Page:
Watching a drug in action

Precise action anti-cancer drugs in the cell clarified

Groei en verkorting van microtubili, met fluorescerende markers op de uiteindes. Credit: cellen Ilya Grigoriev, Universiteit Utrecht, in vitro, Ankit Rai, Universiteit Utrecht.
Microtubules in the cell, with fluorescent markers at the tips. Photo Ilya Grigoriev.

Scientists from Utrecht University have succeeded in applying advanced microscopy to visualise the activity of the widely used drug Taxol. Taxol is often used in cancer chemotherapy. A better understanding of the precise action of the drug offers starting points for less toxic and effective therapies. Utrecht scientists publish their findings together with international colleagues on 9 December in Nature Materials.

Taxol is a drug that is frequently used in chemotherapy of cancer. It acts on microtubules, cellular filaments  that are involved in cell division and cell migration. "Microtubules resemble spaghetti tubes made up of small balls. By labeling microtubules and the drugs with fluorescent molecules, we can follow how microtubules are formed and what happens when the drug binds to them”, says the last author Anna Akhmanova of Utrecht University. Using advanced microscopy, Utrecht researchers, in collaboration with British, Swiss, Spanish and Chinese colleagues, were able for the first time to directly observe the effects of Taxol on growing microtubules.

Groei en verkorting van microtubili, met fluorescerende markers op de uiteindes (in vitro, Ankit Rai, Universiteit Utrecht)
Microtubules with fluorescent markers at the tips, in vitro. Photo Ankit Rai.

"The fluorescent label allowed us to see under the microscope that the drug binds to growing microtubule ends. As soon as one molecule binds, more start to bind and a kind of hotspot is created. The 'tube' becomes more stable than usual at this location", Akhmanova explains. This is beneficial for the fight against cancer cells:  the ability of cancer cells to divide and migrate is inhibited, which limits tumor growth and metastases.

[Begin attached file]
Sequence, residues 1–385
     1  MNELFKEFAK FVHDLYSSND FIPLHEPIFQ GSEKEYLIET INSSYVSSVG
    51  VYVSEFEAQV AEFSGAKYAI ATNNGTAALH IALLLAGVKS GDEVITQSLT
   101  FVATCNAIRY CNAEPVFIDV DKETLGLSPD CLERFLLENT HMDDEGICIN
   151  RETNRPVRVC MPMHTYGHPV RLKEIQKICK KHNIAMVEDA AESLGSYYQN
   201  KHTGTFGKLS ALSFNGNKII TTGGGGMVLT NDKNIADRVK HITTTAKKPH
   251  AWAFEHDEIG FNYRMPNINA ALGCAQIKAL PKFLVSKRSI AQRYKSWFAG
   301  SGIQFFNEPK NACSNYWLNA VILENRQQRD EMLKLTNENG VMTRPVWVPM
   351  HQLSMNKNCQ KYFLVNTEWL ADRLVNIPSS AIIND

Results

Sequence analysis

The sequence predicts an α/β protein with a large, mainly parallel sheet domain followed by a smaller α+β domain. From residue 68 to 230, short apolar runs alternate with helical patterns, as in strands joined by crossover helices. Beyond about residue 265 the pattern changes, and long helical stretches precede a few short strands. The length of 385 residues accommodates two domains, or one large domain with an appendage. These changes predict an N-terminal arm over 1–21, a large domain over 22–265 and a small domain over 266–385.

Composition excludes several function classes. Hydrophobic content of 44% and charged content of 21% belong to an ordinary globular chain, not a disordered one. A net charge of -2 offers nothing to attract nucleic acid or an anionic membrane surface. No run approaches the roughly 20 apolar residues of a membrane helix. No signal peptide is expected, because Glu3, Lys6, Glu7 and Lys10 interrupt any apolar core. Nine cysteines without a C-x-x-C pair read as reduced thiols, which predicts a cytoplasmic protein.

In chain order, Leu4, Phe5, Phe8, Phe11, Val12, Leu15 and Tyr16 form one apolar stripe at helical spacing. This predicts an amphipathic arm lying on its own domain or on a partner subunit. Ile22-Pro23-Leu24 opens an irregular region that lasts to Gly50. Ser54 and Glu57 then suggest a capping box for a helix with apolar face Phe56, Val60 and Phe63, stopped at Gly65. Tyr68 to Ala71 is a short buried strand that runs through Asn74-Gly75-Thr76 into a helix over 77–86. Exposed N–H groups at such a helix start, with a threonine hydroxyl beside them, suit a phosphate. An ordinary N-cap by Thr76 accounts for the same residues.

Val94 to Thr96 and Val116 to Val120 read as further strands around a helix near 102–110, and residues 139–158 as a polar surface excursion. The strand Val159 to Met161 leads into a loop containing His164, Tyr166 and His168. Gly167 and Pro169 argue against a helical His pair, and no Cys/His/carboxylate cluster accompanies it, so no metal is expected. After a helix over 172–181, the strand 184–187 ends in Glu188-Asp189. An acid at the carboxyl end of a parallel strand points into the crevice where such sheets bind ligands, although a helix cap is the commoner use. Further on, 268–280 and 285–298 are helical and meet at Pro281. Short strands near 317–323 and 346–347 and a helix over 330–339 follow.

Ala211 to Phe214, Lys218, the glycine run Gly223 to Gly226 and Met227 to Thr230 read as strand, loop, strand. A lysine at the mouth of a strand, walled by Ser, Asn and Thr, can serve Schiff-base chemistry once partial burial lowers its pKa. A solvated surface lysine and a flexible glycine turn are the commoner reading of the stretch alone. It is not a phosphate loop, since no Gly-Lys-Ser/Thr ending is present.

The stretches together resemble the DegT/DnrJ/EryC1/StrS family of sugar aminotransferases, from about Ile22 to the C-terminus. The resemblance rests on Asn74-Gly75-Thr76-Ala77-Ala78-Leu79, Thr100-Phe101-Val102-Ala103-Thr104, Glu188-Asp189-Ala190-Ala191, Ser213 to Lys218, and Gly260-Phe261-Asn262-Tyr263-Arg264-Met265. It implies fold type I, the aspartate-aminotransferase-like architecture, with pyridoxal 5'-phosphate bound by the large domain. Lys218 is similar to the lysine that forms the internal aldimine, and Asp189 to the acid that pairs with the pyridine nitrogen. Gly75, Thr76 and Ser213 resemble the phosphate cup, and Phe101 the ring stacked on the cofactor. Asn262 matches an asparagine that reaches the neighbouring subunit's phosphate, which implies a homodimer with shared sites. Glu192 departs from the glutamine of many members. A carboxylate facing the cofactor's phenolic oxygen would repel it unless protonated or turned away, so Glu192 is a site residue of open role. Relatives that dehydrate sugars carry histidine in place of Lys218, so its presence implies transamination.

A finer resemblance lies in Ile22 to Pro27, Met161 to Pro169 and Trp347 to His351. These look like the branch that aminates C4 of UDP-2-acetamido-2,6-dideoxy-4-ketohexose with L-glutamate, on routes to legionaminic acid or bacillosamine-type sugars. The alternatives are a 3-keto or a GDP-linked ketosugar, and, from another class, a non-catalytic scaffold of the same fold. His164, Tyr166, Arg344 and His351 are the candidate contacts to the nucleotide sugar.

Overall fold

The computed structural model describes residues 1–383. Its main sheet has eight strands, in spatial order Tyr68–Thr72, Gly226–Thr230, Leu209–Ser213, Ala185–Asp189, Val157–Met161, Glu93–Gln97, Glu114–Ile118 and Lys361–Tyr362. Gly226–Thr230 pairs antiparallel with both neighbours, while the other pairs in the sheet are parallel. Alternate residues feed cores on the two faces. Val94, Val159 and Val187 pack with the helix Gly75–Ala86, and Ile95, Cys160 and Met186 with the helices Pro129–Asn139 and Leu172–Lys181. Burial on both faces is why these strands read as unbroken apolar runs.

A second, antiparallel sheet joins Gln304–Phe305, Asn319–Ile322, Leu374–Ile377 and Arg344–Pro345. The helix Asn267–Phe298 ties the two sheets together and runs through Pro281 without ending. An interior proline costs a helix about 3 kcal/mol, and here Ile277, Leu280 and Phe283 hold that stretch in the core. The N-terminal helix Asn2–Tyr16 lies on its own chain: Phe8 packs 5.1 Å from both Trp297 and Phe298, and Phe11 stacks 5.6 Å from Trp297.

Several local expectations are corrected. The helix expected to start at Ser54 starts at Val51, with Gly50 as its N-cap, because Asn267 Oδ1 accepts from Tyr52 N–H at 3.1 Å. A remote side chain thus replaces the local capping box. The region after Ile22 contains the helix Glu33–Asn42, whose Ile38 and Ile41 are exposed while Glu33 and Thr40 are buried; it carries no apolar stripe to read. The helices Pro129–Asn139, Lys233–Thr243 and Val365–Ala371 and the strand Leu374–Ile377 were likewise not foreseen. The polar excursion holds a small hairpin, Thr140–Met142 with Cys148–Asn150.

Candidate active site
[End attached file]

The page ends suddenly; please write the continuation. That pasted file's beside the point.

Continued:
Growth and shortening of microtubules, with fluorescent markers at the tips.

To their surprise, the researchers also discovered that drugs that stabilise the cellular skeleton and destabilise it can have a synergistic effect. "We didn't expect this", says Akhmanova. "For the first time we see these drugs in action. That is very special. By looking at the combined effect of drugs that affect microtubules, we can work towards therapies that are effective, but less toxic.”


Taxanes convert regions of perturbed microtubule growth into rescue sites. Nature Materials, 9 december 2019. DOI: 10.1038/s41563-019-0546-6. Ankit Rai*, Tianyang Liu, Simon Glauser, Eugene A. Katrukha, Juan Estévez-Gallego, Ruddi Rodríguez-García*, Wei-Shuo Fang, J. Fernando Díaz, Michel O. Steinmetz, Karl-Heinz Altmann, Lukas C. Kapitein*, Carolyn A. Moores and Anna Akhmanova*

*Authors affiliated with Utrecht University

This project was financed under an NWO Chemical Sciences ECHO grant and an ERC Synergy Grant. In 2018 Anna Akhmanova received the Spinoza Price for her research into the cytoskeleton.